What has alarmed me a little is that there are some games such as World of Goo and Angry Birds that are on the Z10 but not on the Q5. In fact, Angry Birds is on the Q10 but not the Q5 which is even more bizarre. It's possible that the World of Goo developers decided that the screen was too small for the game, as there is some precision required when you play. I've noticed this problem playing the BlackBerry favourite Fly Craft - which I find difficult to move the pieces and place them correctly.

    It's a shame that there are a few titles missing that are already on other BlackBerry 10 devices.

    Mind The (App) Gap

    There's no doubt that BlackBerry have been making great strides since the launch of BlackBerry 10 in getting big name apps to the platform. However if you are hoping to take part in social-centric games and apps that are big on other platforms then you may be disappointed. Vine, Instagram, Temple Run, Candy Crush to name a few still remain elusive.

    What is probably more infuriating right now is not the big name apps, but the lesser-known lifestyle apps. My bank is yet to release a BlackBerry 10 app even though they have a great BlackBerry OS app, and I did see their name on the BlackBerry World banner at the BlackBerry 10 launch event. This situation manifested itself last weekend when my wife bought a video game from Game, a retailer. As we didn't have our loyalty card to hand, the cashier suggested downloading the app.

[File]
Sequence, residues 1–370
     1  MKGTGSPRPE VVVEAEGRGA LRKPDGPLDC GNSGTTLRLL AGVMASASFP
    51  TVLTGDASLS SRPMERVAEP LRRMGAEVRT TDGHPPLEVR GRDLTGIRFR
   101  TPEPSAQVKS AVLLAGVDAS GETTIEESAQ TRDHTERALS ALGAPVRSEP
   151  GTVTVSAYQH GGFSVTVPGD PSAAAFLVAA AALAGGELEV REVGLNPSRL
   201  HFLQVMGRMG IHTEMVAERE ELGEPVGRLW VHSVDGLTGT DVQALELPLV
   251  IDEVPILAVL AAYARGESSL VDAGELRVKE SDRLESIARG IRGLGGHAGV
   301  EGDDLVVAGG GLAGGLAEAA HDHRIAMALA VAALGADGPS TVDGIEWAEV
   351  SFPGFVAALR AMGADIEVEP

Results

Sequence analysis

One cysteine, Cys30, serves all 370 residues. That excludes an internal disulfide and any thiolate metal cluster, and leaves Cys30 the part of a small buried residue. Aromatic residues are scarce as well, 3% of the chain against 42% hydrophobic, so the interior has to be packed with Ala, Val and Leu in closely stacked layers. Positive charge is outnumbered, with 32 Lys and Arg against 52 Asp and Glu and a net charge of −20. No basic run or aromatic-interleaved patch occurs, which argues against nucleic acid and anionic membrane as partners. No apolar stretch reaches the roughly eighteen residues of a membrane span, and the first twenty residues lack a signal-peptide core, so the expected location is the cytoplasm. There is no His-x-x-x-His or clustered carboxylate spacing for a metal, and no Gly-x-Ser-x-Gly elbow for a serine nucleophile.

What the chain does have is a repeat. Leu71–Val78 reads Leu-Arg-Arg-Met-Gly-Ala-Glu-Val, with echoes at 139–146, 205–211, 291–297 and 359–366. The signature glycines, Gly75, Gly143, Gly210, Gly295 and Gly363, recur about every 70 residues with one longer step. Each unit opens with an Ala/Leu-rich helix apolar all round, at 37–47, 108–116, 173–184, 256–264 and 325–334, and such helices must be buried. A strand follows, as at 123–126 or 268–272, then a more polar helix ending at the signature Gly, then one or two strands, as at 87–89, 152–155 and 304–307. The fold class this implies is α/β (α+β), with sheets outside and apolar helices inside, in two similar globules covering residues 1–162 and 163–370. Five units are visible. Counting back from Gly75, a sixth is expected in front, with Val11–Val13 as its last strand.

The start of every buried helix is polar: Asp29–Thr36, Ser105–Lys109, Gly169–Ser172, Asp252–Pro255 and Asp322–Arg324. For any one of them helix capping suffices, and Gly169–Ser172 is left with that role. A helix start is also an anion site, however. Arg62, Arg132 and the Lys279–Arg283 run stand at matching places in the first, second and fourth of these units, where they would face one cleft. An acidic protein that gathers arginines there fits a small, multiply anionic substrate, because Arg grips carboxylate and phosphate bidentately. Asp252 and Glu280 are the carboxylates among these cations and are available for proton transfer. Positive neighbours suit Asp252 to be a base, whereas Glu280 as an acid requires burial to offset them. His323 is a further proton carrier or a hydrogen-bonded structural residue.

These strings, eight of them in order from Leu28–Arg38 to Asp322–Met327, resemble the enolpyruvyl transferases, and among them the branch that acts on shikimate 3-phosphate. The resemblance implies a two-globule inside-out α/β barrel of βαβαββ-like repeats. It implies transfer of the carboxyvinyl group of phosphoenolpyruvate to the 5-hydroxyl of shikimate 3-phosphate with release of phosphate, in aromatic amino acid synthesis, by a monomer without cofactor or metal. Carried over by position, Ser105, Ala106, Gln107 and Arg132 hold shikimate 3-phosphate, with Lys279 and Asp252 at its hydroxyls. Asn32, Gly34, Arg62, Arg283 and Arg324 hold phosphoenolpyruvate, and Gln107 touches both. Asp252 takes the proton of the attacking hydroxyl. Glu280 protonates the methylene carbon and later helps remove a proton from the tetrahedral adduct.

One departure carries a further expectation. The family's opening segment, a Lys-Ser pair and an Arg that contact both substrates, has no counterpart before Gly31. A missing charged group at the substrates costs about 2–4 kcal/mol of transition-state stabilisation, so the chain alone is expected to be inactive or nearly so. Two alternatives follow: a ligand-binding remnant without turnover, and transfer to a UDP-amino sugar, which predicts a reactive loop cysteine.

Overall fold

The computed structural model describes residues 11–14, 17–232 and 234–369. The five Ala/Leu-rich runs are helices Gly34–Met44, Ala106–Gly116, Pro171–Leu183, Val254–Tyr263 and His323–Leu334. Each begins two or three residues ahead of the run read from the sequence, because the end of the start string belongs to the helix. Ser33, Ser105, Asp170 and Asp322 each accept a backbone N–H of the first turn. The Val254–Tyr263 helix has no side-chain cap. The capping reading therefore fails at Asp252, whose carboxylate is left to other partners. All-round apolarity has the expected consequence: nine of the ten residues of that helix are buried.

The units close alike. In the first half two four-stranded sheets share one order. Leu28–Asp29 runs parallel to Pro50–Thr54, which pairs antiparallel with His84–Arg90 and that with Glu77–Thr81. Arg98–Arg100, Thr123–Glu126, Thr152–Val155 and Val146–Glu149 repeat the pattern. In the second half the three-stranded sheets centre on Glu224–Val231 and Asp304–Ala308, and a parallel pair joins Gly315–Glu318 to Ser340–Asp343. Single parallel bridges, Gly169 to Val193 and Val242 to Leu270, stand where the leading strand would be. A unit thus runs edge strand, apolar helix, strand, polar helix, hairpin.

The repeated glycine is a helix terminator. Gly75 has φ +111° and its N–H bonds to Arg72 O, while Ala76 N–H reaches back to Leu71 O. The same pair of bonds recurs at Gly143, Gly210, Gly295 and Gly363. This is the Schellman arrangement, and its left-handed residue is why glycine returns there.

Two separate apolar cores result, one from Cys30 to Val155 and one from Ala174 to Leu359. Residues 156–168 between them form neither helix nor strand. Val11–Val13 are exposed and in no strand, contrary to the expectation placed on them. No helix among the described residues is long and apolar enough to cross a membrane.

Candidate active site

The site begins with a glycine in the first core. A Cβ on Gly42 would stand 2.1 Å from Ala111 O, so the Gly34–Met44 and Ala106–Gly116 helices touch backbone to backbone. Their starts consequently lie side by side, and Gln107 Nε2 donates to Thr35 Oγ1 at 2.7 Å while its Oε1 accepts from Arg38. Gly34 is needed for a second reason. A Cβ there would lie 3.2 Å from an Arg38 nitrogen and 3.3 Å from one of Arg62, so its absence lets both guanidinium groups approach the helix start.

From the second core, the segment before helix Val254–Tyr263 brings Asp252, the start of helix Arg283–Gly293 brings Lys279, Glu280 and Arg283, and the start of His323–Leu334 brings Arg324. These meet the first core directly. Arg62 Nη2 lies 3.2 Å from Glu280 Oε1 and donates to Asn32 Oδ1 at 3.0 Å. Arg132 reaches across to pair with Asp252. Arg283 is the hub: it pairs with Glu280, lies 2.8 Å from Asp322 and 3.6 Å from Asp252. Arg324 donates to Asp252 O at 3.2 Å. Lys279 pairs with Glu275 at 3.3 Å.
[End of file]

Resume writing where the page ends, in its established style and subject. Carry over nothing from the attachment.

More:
"Do you have an iPhone?"
    "An Android phone?"
    Now getting desperate, "An iPad?"
    "No, I've got a BlackBerry Z10"

    At this point, the cashier didn't know what to suggest. The idea of someone not having one of these devices was completely alien to him and I've only ever seen that perplexed look before when I was trying to explain quadratic equations to a four year old. BlackBerry still has work to do to make BlackBerry 10 well supported in this manner, but that's another article.

    On the plus side, if the "must have" app isn't there, a lot of developers are filling the gaps with something else. Take Sound Hound appearing on BlackBerry 10 before Shazam. I'd be surprised if Shazam won loyalty back from current BlackBerry 10 owners now. The door is open for other app makers to pull a coup de grace and make their apps ubiquitous before the "big names" do.

    A Teenager's Perspective

    As the Q5 is pitched at a slightly younger audience, I took the opportunity to put it in the hands of my 13 year old daughter and find out what her initial impressions of the Q5 are.